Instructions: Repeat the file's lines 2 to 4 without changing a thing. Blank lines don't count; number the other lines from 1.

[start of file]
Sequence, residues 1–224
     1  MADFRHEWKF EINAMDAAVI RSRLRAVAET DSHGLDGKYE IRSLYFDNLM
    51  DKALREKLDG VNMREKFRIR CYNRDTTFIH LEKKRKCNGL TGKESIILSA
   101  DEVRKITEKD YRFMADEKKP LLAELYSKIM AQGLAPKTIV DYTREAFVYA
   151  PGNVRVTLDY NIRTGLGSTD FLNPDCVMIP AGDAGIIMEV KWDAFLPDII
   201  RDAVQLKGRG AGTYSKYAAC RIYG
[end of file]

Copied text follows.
     1  MADFRHEWKF EINAMDAAVI RSRLRAVAET DSHGLDGKYE IRSLYFDNLM
    51  DKALREKLDG VNMREKFRIR CYNRDTTFIH LEKKRKCNGL TGKESIILSA
   101  DEVRKITEKD YRFMADEKKP LLAELYSKIM AQGLAPKTIV DYTREAFVYA